Entrepreneurs will tell you that they learn more from failure than they ever do from their successes. That might be cold comfort for some local Girl Scouts struggling to meet their goals on cookie sales, however.
The local council, Girl Scouts Heart of Central California, has extended cookie sales by three weeks until April 6 because a number of troops faced setbacks. The rainy weather delayed outdoor table sales, while Raley’s and other retailers implemented policies prohibiting solicitors outside their doors.
“Our troop and every other troop that I have talked to ordered for their site sales by looking at historical sales volumes,” said Jeanne Vance Bradley, a troop leader in Sacramento. “We had site sales this year where we sold 24 boxes as opposed to like 80 or something last year.”
Bradley said Heart of Central California officials had told troop leaders about the new policies and provided them with alternative sites. What troop leaders and the girls learned was that Raley’s customers were simply a lot more generous, said Bradley and Antelope troop leader Debbie Von Glahn.
“We ended up with 61 boxes, which our troop fund paid for,” Bradley said. “We’re out the 4 bucks per box. In years past, we’ve been left with zero. Girls earn 60 cents a box, so if they have to pay $3.40 times 61 boxes, that is a lot coming out of their fund.”
The cookie sales fundraiser is meant to teach girls five lessons: goal setting, decision making, money management, people skills and business ethics. Bradley and Von Glahn say their troops will definitely adjust their sales goals next year.
Some troops are continuing to sell through the extended deadline, rather than take a hit to their budget. Scouts will earn $1 per box during the extension period. If you’re a troop leader seeking sales ideas, call the Heart of Central California office at (800) GS-COOKS.
The change in retailers’ policies is happening all around the nation, said Julie O’Donnell, the local council’s director of marketing and communications, so the Girl Scouts organization is talking about experimenting with alternatives, including Internet sales.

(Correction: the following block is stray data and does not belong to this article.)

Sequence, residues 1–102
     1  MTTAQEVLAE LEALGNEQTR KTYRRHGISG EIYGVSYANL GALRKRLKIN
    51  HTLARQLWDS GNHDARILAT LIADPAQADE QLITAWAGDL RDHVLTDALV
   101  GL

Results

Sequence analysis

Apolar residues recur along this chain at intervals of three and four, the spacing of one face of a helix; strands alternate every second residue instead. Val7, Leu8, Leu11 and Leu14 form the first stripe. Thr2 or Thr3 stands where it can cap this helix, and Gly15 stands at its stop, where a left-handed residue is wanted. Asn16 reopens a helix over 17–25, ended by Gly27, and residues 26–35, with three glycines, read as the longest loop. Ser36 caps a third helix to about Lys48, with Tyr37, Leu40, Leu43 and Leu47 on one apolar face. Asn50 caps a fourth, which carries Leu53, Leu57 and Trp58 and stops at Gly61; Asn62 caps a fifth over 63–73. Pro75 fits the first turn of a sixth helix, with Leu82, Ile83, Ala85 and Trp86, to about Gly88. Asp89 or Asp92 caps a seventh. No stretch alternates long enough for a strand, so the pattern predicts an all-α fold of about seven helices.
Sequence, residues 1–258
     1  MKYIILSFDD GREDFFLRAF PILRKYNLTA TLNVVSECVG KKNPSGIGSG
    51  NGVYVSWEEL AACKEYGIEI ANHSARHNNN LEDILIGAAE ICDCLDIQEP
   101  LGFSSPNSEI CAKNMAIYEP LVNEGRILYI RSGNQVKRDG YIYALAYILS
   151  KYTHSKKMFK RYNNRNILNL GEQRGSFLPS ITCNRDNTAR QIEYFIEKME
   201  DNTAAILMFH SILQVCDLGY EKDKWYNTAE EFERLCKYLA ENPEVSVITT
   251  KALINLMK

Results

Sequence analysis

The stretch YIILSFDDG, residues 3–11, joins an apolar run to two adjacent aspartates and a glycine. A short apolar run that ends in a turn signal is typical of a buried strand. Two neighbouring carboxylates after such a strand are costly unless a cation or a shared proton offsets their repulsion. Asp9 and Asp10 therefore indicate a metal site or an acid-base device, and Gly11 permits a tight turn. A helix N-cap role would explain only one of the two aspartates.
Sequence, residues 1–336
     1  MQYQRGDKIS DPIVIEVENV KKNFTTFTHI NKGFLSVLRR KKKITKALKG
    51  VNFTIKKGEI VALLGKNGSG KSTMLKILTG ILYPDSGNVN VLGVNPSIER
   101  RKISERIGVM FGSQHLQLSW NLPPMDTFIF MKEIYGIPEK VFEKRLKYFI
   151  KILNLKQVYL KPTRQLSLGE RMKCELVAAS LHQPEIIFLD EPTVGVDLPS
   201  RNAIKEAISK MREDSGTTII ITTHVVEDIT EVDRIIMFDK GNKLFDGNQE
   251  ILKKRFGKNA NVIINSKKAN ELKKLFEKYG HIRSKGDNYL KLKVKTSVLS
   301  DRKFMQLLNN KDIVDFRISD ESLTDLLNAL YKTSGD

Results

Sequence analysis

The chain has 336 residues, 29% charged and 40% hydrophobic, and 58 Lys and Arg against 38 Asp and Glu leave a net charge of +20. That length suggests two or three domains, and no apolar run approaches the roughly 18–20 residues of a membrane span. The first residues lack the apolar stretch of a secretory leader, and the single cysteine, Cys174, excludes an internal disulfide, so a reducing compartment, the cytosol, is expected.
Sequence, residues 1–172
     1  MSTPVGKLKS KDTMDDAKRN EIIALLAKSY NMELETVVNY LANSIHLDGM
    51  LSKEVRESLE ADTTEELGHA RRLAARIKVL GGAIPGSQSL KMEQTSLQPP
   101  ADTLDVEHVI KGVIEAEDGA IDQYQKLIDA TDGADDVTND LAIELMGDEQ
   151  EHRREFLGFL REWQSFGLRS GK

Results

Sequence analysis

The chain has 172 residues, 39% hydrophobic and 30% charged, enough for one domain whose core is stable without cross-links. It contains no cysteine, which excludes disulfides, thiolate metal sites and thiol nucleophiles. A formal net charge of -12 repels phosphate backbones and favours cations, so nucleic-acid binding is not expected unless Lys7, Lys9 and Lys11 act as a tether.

A competitive environment
The audacity of Jenny Tran is almost jaw-dropping. She brings a new tutoring and test prep service into the Elk Grove market, and where does she put it? Smack dab in the middle of her competition.
Step out the front door of Tran’s Best in Class Education Center at 7811 Laguna Blvd., look across the parking lot and you’ll see Kumon. Look left, in the building next door, there’s Sylvan Learning. As if that wasn’t enough competition, the shopping center next door has a Huntington Learning Center.
Tran said her confidence stems from the impact that Best in Class had on her children while they were attending San Jose schools: “After six months of lessons from Best in Class, my daughter … was able to skip one whole grade in math. Both of my children became straight-A students.”
Tran’s family moved to Elk Grove last summer to be closer to her parents, but there was no Best in Class there. After discussing it with her husband, Tran bought a franchise and opened it last Saturday. Best in Class CEO Hao Lam was at the grand opening with Tran, greeting new students and their parents.
Lam, whose corporate office is in Seattle, said some parents have been driving from the Sacramento area to Oakland on weekends to the closest Best in Class center, so they were thrilled to learn of the new location. He said he foresees opening two or three more locations in the region.
Sylvan Learning announced Monday that it, too, plans an expansion in Northern California with as many as 10 centers.
Increasingly, parents are seeking out tutors and test prep services to give their children an edge, said Susan Heredia, chair of the Department of Graduate and Professional Studies at Sacramento State.
“I had a parent who called me the other day, and she was very concerned because her son’s GPA was only a 4.1,” Heredia said. “She was very worried about him getting into the college of his choice.”
Tutoring and test prep franchises grossed $840 million in 2013, according to Agata Kaczanowska of research powerhouse IBISWorld, who said the nation’s high unemployment and increasing competition from online tutors-for-hire have reduced overall revenues for tutoring and test-prep franchises since 2008.
She said the industry is poised to grow by about 1 percent a year for the next five years.
Prices set for baseball coins